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Laying hens are not big budgies

We all like to take control, and do things around the farm for ourselves. But where do you go for advice? Other farmers and the internet are two of the most used sources of information for livestock owners. Occasionally this leads to harmful chemical residues in food.

A few hens died recently on a small-scale free-range egg farm. The owner searched the internet for images of sick chooks, and matched the condition in his poultry with a common bacterial disease. He read that the treatment was a specific antibiotic. As luck would have it, he had a part bottle of the same antibiotic left over from treating a related condition in his aviary birds.

Following a quick calculation to convert budgie dose to chook dose, he expected the problem to be solved. Unfortunately, his home remedy had serious consequences. The treatment of laying hens with this chemical is banned because it results in antibiotic residues in eggs. The packaging didn’t warn of the risk, as the product was intended for caged birds.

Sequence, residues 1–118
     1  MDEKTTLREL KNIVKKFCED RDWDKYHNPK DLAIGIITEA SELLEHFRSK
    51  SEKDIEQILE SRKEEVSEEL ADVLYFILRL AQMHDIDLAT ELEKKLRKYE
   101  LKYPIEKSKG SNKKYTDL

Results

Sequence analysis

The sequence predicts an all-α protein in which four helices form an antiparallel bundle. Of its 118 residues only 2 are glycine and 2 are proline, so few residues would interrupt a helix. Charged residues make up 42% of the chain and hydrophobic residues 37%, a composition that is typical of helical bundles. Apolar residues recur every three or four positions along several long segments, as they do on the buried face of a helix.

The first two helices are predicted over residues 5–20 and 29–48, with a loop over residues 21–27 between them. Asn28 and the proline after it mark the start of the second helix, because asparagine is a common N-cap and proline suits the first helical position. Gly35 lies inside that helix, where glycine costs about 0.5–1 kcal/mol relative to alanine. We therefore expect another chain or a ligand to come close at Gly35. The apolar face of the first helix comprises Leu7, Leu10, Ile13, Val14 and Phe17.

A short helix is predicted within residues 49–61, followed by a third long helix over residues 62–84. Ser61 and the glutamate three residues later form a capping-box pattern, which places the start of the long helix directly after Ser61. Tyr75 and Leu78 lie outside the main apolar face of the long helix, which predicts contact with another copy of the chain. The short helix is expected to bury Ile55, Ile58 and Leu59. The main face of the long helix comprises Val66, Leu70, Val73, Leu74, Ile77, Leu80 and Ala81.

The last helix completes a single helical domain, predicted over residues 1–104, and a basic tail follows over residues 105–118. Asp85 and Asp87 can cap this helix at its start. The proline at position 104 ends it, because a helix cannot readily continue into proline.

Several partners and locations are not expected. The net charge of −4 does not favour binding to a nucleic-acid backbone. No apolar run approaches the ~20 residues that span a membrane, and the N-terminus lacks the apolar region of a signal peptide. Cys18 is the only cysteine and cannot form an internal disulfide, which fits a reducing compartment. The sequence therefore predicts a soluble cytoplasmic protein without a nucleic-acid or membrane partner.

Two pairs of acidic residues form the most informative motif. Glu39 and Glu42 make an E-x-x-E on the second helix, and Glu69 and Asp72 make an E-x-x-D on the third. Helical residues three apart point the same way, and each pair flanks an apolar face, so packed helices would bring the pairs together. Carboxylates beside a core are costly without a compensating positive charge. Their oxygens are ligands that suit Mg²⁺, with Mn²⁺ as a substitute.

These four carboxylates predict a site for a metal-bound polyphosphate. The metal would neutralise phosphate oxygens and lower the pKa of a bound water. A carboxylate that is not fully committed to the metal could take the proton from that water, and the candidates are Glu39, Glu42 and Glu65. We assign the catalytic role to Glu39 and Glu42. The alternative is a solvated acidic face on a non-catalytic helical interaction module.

Many small landholders complain that the chemical they need only comes in a pack size that will last a lifetime. Sharing drenches, pesticides and weed sprays between owners of small holdings is often encouraged. It helps ensure chemicals used are “in date”, and allows chemical groups to be rotated to slow development of resistance.
However, there is a golden rule. Don’t use anything that is not in its original packaging.

A farmer gave advice to his neighbour to drench his poor milking cow for liver fluke, and even provided some fluke drench he uses in his beef cattle. He poured some into an old drink bottle and wrote the dose rate on it. Had it come in the original container, there was an instruction that it was not to be used in lactating cows.

Food safety and chemical residues are important considerations for all farmers, regardless of the size of your herd.

Bill Johnson
District Veterinarian